Dan Tibbets

hmm

Posted: Sat Apr 07, 2012 7:57 pm
by wacker.popeln
i dont know what you mean wiht the neutrons. as far as i know the Helium thats dissolved in hte p-b fusion are very energy rich and collide wiht coiling and degrade it and heat it.

MOS2 is conductive AND heatproof. its a perfect solution.
i dont see a reason why not to cool it wiht liqudi helium or water and use that steamcycle further so the loss of heat is reused energy.

MOS2 takes i think 1100 degrees Celsius but i dont knwo how hte curve of its conductivity looks.
its affordable enough.

Graphene requires to operate in double layers else its ineffective. Electrons move like a wave and htats why you need 2 layers of graphene per coil but i doubt graphene can stand the currents necessary.

About Protons moving through it i dont even know but question it.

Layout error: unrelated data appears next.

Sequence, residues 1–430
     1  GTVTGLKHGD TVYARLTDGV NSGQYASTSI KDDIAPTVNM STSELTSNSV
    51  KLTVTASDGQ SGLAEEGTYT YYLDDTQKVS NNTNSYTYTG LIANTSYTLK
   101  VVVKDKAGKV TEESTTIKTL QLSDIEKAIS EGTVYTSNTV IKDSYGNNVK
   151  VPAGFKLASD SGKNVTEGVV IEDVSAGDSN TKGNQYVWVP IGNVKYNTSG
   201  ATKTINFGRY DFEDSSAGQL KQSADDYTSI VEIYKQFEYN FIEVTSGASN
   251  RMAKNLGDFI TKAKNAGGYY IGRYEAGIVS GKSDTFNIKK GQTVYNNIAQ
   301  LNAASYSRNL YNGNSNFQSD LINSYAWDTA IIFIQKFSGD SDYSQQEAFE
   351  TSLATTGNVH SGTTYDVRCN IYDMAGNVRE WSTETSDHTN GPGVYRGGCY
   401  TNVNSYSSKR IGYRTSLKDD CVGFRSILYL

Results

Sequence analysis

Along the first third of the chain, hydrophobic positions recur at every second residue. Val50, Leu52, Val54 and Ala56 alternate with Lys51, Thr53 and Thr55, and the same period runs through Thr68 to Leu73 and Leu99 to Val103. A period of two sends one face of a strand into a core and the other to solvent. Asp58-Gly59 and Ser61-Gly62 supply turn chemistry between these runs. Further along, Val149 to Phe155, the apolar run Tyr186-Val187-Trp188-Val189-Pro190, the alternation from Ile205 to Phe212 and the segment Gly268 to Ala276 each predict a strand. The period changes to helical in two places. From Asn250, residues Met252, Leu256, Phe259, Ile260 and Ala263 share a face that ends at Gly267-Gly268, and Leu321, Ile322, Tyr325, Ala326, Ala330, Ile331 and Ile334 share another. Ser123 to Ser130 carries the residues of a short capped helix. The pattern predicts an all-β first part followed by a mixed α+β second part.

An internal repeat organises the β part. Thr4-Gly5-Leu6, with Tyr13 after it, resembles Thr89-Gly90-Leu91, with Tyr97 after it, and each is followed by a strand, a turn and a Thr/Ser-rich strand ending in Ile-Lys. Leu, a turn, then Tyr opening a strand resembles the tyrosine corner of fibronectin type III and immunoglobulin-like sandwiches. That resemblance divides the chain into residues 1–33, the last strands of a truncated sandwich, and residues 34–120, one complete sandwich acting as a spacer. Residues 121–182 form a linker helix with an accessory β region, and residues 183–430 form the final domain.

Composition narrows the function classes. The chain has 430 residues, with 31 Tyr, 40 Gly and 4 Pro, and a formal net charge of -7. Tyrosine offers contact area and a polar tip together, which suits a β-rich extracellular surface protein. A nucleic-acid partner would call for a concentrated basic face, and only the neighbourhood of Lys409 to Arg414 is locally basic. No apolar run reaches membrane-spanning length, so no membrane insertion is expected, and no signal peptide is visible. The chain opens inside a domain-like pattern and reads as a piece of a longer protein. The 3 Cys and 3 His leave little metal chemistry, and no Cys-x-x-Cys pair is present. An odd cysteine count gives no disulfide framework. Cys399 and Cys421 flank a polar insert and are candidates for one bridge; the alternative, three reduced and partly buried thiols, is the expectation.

im more worried about polywell radiatiing gamma rays and xrays.
When electrons get destrcuted it will radiate.

ebcasue htere is bremsstrahlung.

making a centrifuge wiht a magentic field, making uranium plutnium plasma and cenitrufiging out the nuclei nad using electonrless fissile material saves about 40percent radiation in nukes and genreally

Posted: Sat Apr 07, 2012 8:26 pm
by Betruger
Polybooze

whyso negative

Posted: Sat Apr 07, 2012 9:30 pm
by wacker.popeln
Betruger wrote:Polybooze


why so negative betruEger

Posted: Sat Apr 07, 2012 9:39 pm
by wacker.popeln
D Tibbets wrote:The road block is the population of neutral atoms/ molecules that are not contained at all- thus there is no density difference inside or outside of the magrid. The Pashin breakdown / arching is the main culprit that ends the test and this is directly related to the density of these neutrals. Just like the neutrals inside the magrid they can become ionized, mostly through collisions with charged particles, and through a cascade of secondary ionizations build up a population of charged particles that carries enough current that a run away current growth occurs- a spark if you will. The battery/ potential well is quickly drained.

Dan Tibbets


ah i get it.